Monday, December 15, 2008

Garden Bloggers Bloom Day December 2008

There is not much blooming in the garden this month. The German Chamomile still puts on its very small show, the yellow button mums are still going (but the funny thing is the mature specimens are pretty much past their bloom, the cuttings planted this fall are still glowing and I don't understand that at all), pansies are hanging tough, and the sweet alyssum is also hanging, albeit a bit low.

But it is all okay, I do not normally expect anything to be blooming in the garden in December. We shall see if I can find any blooms next month. I think I will be able to since my vernal witch hazel is in full bud. If I do find blooms, then a goal of mine from many, many years ago will have been met. When I began gardening here back in 2001 or so, I had endeavored to have something in bloom every single month of the year. I am nearly there and will be ever so happy if it happens-finally! And trust me when I say having something in bloom every month of the year is not due to my gardening techniques or green thumb, we who live in this area are lucky to have weather that allows gardening all year round and that is one of the reasons I love Tennessee.

Here are a few pictures of December blooms in the garden. Begonias are in full bloom in the house, I'll showcase them later in another post. The first picture on this bloom day post is of Eleagnus pungens, aka Silverberry 'Fruitlandii'. I love this shrub as a hedge and filler and everything else in the garden too. These blooms were a surprise and had I known earlier that they were blooming, this shrub would have been my plant of the month simply because it has a larger mass of blooms; which are fragrant, and this shrub is very reliable in the garden. I am not going to say these blooms smell as good as Daphne in the winter, but they are pretty darned close and can perfume a good two acres on a still night! I think if Skeeter checks her silverberries she will find the same blooms and scent. Here are some other blooms for you. Skeeter, do check them out! The ubiquitous (thanks Rose) pansy, complete with ice (this is December after all).
Poinsettia; which was a lovely door prize at this year's Montgomery County Master Gardener Association Christmas Party.
Silica transparencii, aka Bottle tree. It always blooms, never needs watering, fertilizing or pruning. Thanks TC for the book Tough Plants for Northern Gardens by Felder Rushing that identifies the bottle tree by latin name for me:)
Kerria japonica 'Plenifora' is bravely showing a bloom or two. It must really like the cold. There are no leaves on it and it has been blooming off and on since I planted it back in April-more so once the weather cooled down.
A just for fun picture that shows the ice in the garden on this day (Saturday).
Sweet alyssum, a stalwart.

Carol at May Dreams hosts GBBD.

I will be offline for a bit, in the meantime do enjoy the regularly scheduled posts and your holidays. I'll be back as soon as I am able to, and for now I am........

in the garden....enjoying the sweet scent of silverberries.


  1. How cool the bottle tree has a latin name!

  2. Hi Tina, you have done well in your goal of year around bloom. We have to search pretty thorought to find something too. We must find the name of the yellow button! We have volunteers of the eleagnus, very invasive here! I will look for flowers on them, never even thought about it. Have a wonderful holiday!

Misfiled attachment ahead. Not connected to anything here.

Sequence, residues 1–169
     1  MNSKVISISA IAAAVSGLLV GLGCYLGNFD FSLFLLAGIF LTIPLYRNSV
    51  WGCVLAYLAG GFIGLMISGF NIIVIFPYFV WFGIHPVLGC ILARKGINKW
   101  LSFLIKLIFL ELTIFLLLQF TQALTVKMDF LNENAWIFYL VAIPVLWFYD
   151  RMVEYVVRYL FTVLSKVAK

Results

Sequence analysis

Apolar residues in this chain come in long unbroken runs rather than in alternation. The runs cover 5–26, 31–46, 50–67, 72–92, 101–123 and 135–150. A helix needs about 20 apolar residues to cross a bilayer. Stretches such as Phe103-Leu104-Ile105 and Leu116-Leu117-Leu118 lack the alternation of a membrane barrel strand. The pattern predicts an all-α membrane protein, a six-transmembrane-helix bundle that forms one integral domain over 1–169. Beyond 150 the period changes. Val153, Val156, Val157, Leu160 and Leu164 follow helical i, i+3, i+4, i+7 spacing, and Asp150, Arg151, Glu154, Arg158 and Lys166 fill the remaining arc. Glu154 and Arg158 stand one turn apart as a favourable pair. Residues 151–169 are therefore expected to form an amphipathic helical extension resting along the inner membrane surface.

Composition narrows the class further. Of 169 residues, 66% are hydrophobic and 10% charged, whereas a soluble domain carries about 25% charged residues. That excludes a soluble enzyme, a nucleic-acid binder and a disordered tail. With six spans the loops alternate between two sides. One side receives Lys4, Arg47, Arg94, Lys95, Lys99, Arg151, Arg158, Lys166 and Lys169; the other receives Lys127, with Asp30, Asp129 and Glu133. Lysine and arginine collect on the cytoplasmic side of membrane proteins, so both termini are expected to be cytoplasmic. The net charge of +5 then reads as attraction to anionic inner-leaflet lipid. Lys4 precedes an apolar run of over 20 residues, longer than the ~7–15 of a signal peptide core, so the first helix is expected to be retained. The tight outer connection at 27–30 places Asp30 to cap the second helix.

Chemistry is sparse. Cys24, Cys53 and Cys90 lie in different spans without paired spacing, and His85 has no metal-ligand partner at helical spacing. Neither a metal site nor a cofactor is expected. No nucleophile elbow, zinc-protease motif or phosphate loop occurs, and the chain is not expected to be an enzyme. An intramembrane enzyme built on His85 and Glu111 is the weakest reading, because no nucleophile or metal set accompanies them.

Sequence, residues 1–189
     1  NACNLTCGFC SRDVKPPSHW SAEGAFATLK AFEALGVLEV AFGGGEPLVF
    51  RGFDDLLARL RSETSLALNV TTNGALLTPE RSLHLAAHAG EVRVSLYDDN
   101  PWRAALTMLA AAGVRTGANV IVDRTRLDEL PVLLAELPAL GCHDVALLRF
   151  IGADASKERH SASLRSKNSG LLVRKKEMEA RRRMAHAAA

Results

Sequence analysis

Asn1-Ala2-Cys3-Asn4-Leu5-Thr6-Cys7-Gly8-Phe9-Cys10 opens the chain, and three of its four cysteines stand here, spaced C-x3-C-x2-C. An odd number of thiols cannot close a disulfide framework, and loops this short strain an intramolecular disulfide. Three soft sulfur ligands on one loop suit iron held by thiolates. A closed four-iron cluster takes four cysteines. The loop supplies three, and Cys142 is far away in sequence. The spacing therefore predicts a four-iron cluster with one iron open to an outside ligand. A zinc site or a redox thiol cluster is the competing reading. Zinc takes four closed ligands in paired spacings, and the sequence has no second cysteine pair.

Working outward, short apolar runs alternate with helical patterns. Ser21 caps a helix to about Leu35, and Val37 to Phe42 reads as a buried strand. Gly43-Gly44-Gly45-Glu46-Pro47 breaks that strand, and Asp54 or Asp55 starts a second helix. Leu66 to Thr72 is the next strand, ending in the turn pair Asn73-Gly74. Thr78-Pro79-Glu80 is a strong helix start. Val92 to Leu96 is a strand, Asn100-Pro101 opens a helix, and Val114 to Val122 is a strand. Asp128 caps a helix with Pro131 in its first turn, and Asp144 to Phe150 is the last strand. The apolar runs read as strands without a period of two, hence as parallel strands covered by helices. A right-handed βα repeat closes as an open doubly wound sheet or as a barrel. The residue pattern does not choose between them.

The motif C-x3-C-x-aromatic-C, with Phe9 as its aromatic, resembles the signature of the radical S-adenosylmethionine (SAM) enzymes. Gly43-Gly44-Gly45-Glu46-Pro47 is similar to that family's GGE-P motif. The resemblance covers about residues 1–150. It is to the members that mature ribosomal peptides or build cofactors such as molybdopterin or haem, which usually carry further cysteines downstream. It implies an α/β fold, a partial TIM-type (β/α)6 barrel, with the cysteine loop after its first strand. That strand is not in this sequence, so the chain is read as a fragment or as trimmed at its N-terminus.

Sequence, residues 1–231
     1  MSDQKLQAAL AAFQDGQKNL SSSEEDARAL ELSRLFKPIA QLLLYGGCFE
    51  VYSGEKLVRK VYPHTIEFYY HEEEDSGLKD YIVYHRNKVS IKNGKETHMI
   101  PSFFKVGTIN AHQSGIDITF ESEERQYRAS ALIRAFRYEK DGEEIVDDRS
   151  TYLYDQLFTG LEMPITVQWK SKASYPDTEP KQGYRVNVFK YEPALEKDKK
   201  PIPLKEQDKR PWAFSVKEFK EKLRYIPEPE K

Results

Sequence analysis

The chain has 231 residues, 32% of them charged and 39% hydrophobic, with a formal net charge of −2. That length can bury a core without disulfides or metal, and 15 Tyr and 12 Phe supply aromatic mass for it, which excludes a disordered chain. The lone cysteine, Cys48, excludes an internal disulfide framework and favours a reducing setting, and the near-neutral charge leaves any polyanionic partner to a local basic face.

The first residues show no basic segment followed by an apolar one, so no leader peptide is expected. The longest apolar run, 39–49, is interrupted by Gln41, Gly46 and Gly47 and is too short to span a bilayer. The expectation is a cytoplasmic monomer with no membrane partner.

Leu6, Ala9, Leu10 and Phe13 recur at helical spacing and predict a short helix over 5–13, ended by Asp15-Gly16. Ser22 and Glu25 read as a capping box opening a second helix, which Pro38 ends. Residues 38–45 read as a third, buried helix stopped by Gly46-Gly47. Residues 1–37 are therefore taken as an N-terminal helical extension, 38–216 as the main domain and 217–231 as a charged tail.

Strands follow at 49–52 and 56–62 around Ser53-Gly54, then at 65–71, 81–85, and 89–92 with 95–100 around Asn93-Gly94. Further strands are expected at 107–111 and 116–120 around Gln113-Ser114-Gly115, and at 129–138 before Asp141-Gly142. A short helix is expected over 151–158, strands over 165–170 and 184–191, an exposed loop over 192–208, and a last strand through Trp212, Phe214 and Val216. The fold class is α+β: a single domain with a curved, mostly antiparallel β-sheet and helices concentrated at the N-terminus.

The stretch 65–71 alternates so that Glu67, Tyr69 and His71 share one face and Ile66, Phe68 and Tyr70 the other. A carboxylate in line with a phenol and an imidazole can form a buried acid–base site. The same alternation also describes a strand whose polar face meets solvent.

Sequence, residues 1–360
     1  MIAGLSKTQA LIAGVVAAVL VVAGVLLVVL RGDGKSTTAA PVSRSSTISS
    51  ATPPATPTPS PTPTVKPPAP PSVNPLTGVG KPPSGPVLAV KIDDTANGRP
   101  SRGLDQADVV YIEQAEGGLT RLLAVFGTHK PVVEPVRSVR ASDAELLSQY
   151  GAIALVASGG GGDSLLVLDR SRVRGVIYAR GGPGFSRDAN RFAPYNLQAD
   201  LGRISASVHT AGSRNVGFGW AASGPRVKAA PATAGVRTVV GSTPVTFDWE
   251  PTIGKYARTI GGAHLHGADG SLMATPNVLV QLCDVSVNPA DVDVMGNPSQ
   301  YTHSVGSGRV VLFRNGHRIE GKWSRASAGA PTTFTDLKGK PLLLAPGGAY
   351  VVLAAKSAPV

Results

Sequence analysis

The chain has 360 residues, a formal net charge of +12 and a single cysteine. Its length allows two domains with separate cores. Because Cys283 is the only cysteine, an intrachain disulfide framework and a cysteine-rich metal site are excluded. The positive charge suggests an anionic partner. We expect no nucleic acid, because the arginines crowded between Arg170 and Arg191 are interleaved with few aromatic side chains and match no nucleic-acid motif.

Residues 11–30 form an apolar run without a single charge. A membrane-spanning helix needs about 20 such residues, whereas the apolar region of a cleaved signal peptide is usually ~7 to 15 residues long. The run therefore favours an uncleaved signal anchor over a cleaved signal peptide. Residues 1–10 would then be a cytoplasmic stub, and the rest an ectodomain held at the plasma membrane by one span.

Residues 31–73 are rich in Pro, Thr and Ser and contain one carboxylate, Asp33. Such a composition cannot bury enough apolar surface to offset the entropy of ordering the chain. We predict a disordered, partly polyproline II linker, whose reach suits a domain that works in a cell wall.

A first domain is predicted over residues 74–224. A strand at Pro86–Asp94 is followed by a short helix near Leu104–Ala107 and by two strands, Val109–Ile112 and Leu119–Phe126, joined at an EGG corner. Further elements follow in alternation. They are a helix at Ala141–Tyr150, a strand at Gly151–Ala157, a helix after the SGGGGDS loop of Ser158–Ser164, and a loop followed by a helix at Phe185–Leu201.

3. Glad you have some blooms Tina. All I have now are pansies and the lavender, but for December, that's quite a lot!

  4. Have a lovely time and I love your bottle tree!

    I have a post scheduled for tomorrow about signature plants - with a link to your original post of course :)

  5. Hi Tina, at least you have that gorgeous red and sparkling whites in your garden....but I simply LOVE your bottle tree!
    Have a lovely week!

  6. Tina--I hope you enjoy your time offline--I'll miss you! That silverberry is stunning--yet another plant you've introduced. And I love your picture of the frost covered pansy--mine are all inside frost covered deer. Beautiful bloom day, and I can't wait until you achieve your goal in January. I hope you and your family have a wonderful Christmas. xo, Cosmo

  7. Hi Tina,

    Love the Elaeagnus ...I have a similar one in my does smell was hiding under the bush honeysuckle! We are lucky to be able to have something in bloom every month of the year! Let's see what January brings us! Have a splendid day...Gail

  8. A very appropriate name for the bottle tree! I suppose there must be some different variety names? The silverberries look good!

  9. Tina,

    I have eleagnus pungens and wrote to a plant expert in Washington, DC about concerns for invasiveness after reading his article on fragrant plants in The Washington Post.

    At this point pungens is on the 'watch' list and he told me to continue to enjoy my shrub.

    The invasive eleagnus in this area are Russian olive (E. angustifolium) and autumn olive (E. umbellata).

    Hope this helps! We love the fragrance of pungens.


  10. I do like that silica transperica:) You are lucky, Tina, to be just enough south of us to have some blooms right now. Even my alyssum has given up to the cold here.
    Thanks for the link love!

  11. Nothing blooming here on this 3-degree morning except a couple houseplants;)

  12. Tina, after reading this, I rushed to the yard to check on the Silver Berry’s but not blooms :( Hum, I wonder why not but oh well, still love the wonderful growth of them this past year. Thanks for the suggestion in planting them. In time they will hide the ugly from next door...

    I did spot some tiny White Alyssum blooms in the garden and a few loquat blooms as well.

    The Saint and I had a great time entertaining our guests over night. They seem to enjoy the hayride, hot apple cider but the highlight was the Saint and teenager playing guitar together! That kid has a smile from cheek to cheek and so did the teenager! tee hee. Soggy yard never slowed us down. Garden friends are the best! With only about 3 hours of sleep last night, I think it is time for a nap....

  13. I think your garden is still looking lovely in December with the bottle tree providing some colorful accents. Love the latin name, lol Pansies are the diehards of my garden at this time of the year, but I was lucky to have a few sporatic bloomers. Happy GBBD Tina.

  14. Love, love, love the bottle tree and its botanical Latin alter ego! I feel compelled to comment about your poll on white or multi-colored Xmas lights. I love the colored lights outdoors and everywhere indoors EXCEPT for some crazy reason on my Xmas tree, where I only use white lights. I have no idea why.
    ~ Monica